by phil - May 18th, 2012 8:24 am
The World is still going to Hell but LOOK – FACEBOOK!
Ah, Facebook will save us. They have magical powers and will turn around the $60,000,000,000,000 Global equities markets with their $16,000,000,000 IPO, right? I mean, who are we to question the power of Social Media – probably the single biggest drainer of productivity in the history of all mankind?
How many Billions of hours of lost productivity have Facebook's 900M users put in over the past few years? How much is it worth to turn millions of people into couch potatoes and can those ever-fattening eyeballs be converted into advertising Dollars? That's the real question as Facebook currently does a pretty crappy job of converting – roughly 1/6th as good at it as Google is.
That won't matter to the people buying Facebook in a Frenzy this morning as they release about 400M shares at $38 a share and I predicted we'd end the day at $45 but maybe $50 or even $55 on a spike up during the day. We at PSW don't have much interest in playing these silly stocks until there are puts to buy (5/29) and then, if they are still in this nosebleed range – we will be very excited to short the hell out of this stock, which is really worth $25 tops.
So we are rooting for Facebook, as it will be two weeks before we can short them with options and we would love to see them at any idiotic valuation at that point. Even with 900M users, a $100Bn valuation says Facebook's users are worth over $100 each. Yelps users are worth just $20, Instagram's $30 and Twitter's $70 – but Twitter isn't public either so that valuation is nonsense.
In fact, no public company values users like Facebook is and 900M means not all these users are Americans or even Europeans, where the average per-capital GDP is about $40,000. No, we're into Asia and the 3rd World here were it's more like $5,000 per person on average. Are we really supposed to believe that Facebook will convert just as much revenue from a man who makes 100 rupees a day as they do from the average US consumers on steroids?
by Option Review - May 16th, 2012 1:58 pm
Today’s tickers: JCP, OSUR & GS
JCP - J.C. Penney Co., Inc. – The department store operator’s shares had their worst percentage drop in more than two decades on Wednesday after the Company reported a loss for the first quarter, sales that fell more than expected and discontinued its quarterly dividend. The stock trades 17.3% lower this afternoon at $27.54. May expiry options changing hands on J.C. Penney this morning appear to be looking for a modest rebound off the lows by the end of the week. Call buyers snapped up more than 500 of the May $28 strike calls for an average premium of $1.00 each and purchased another 1,700 calls at the higher May $29 strike at an average premium of $0.49 apiece. The May $30 and $31 strike calls attracted buyers as well, with more than 3,000 and 1,600 contracts purchased at each, at premiums of $0.31 and $0.13 each, respectively. Meanwhile, strategists betting shares in JCP are at their lowest for the week sold May $27 and $28 strike put options, pocketing average premiums of $2.96 and $0.15 per contract on the trades. Put sellers walk away with the full amount of premium in hand as long as shares in J.C. Penney settle above $28.00 at expiration. Overall activity in JCP options is up sharply following earnings, with more than 138,000 lots in play versus the stock’s 90-day average options volume of 36,354 contracts.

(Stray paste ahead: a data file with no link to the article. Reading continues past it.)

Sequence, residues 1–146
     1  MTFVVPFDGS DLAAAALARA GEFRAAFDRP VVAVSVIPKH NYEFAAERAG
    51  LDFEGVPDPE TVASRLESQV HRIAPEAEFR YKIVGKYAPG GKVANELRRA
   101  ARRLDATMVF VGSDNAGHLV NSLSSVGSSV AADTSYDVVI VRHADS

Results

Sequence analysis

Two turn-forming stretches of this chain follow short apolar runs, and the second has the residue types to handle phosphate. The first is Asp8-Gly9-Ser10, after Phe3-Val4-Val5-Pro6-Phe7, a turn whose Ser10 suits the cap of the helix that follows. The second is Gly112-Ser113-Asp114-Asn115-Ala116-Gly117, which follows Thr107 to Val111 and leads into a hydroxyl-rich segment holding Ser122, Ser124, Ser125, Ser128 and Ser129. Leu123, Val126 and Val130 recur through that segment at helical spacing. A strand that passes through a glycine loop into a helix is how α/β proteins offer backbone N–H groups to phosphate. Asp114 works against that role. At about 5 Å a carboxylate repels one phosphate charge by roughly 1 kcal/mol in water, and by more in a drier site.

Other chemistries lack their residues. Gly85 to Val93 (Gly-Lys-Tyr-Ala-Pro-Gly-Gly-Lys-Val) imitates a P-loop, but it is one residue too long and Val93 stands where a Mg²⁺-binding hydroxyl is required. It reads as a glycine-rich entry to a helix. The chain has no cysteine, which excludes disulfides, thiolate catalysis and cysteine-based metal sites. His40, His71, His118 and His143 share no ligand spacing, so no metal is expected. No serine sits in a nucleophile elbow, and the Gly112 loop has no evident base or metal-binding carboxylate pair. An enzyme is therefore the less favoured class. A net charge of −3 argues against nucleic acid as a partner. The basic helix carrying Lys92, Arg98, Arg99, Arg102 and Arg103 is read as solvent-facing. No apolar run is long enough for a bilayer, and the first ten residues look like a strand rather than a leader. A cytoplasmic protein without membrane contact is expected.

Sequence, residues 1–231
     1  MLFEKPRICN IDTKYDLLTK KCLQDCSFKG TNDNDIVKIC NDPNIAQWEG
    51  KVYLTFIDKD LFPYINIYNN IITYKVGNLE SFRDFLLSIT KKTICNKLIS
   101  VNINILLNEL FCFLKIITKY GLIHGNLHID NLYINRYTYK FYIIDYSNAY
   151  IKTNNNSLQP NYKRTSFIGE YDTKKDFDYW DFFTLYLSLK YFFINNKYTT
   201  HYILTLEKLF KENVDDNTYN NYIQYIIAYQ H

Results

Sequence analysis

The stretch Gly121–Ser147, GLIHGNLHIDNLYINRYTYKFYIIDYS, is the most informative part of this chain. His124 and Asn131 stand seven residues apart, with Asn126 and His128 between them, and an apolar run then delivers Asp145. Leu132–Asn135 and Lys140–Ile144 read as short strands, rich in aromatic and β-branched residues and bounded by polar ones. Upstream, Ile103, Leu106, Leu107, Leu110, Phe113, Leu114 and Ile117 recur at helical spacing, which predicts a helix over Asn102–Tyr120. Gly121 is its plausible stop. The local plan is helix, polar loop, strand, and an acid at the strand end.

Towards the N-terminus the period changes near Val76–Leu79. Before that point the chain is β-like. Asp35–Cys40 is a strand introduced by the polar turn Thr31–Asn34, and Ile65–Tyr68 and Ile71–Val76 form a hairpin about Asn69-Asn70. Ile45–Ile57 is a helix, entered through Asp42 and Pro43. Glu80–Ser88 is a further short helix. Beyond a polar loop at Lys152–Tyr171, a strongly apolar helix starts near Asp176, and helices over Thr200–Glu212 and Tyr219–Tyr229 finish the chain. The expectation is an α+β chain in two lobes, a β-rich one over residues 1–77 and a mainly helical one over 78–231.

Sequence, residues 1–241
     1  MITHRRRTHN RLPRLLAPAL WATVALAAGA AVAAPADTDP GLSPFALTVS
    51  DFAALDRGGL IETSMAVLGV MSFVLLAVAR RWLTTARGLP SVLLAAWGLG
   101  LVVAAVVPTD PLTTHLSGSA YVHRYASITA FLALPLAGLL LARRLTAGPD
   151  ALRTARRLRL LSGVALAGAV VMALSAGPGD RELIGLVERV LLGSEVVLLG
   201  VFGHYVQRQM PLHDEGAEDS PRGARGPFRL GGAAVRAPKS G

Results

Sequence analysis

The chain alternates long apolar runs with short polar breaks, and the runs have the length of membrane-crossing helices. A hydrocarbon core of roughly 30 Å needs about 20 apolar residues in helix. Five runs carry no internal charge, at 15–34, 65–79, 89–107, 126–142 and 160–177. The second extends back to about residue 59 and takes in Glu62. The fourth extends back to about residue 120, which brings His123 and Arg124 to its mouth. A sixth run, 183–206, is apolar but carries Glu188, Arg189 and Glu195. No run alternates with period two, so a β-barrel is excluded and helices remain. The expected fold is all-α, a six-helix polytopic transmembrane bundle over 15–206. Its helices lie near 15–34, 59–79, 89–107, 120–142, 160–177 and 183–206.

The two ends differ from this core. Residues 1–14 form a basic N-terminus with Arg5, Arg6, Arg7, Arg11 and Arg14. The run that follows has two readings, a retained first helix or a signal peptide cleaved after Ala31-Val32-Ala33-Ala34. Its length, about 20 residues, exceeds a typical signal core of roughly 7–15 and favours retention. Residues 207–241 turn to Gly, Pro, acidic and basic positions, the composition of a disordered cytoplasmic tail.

OSUR - OraSure Technologies, Inc. – Shares in the medical equipment maker hoping to bring the first at-home HIV test to market jumped as much as 35.0% to a more than 5-year high of $12.28 today after a unanimous vote yesterday by an advisory panel was viewed favorably by investors. The FDA is expected to make a decision on the test in the next few months. Calls and puts are changing hands in roughly equal numbers this afternoon and overall volume is currently up above 2,200 contracts…
by phil - April 10th, 2012 8:29 am
Bernanke gave a whole speech last night titles "Fostering Financial Stability" at the Federal Reserve's Stone Mountain, Georgia conference and didn't say one thing about more quantitative easing – not even a hint. Without an endless supply of MORE FREE MONEY from the Fed – what is going to hold our markets up at these inflated levels?
Goldman Sachs immediately covered their assets, putting out a note indicating "A number of factors reinforce our desire to be more cautious about the data in the near term:"
- First, our US forecast has continued to embody a relatively flat 2%-ish type GDP growth trajectory, so the notion that acceleration is now coming to an end is consistent with that forecast view.
- Second, we have become more confident that the weather has played an important role in some earlier data strength. The payback here may have begun, but there is probably more ahead. There is also rising focus on the US "fiscal cliff" at the end of this year, as Alec Phillips has described.
- Third, in the current post-bust setting, even modest slowing in growth feels more dangerous than normal. Fiscal policy is consolidating and conventional monetary policy has been exhausted in many places. And with plenty of leverage in parts of the global economy, slowing growth quickly also raises questions about debt sustainability in places. As a result, financial risks can re-emerge more quickly than normal as growth slows.
And, as pointed out by Business Insider – Goldman Sachs can't possibly be wrong. Not because they are smart, nor because they are amoral, evil, greedy, manipulative bastards (allegedly) – but because they talk out both sides of their Corporate mouth so they can always point back at something to "prove" they called it. Kind of like Cramer's daily flip-flop scam only with more people.
Business inside points out that while Jim O'Neill is on CNBC standing behind Peter Oppenheimer and Abby Cohen's bullish calls for the retail suckers who watch TV for investing advice, the official firm stance of David Kostin (Chief Equity Strategist) and Stuart Kaiser, who put out the above note – is, in fact, BEARISH.